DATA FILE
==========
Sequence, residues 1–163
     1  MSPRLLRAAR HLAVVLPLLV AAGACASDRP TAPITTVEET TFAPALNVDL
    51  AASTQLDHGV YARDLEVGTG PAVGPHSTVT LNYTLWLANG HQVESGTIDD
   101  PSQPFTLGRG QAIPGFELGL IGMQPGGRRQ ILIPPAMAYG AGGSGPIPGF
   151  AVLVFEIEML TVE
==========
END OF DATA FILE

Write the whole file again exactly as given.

Sequence, residues 1–163
     1  MSPRLLRAAR HLAVVLPLLV AAGACASDRP TAPITTVEET TFAPALNVDL
    51  AASTQLDHGV YARDLEVGTG PAVGPHSTVT LNYTLWLANG HQVESGTIDD
   101  PSQPFTLGRG QAIPGFELGL IGMQPGGRRQ ILIPPAMAYG AGGSGPIPGF
   151  AVLVFEIEML TVE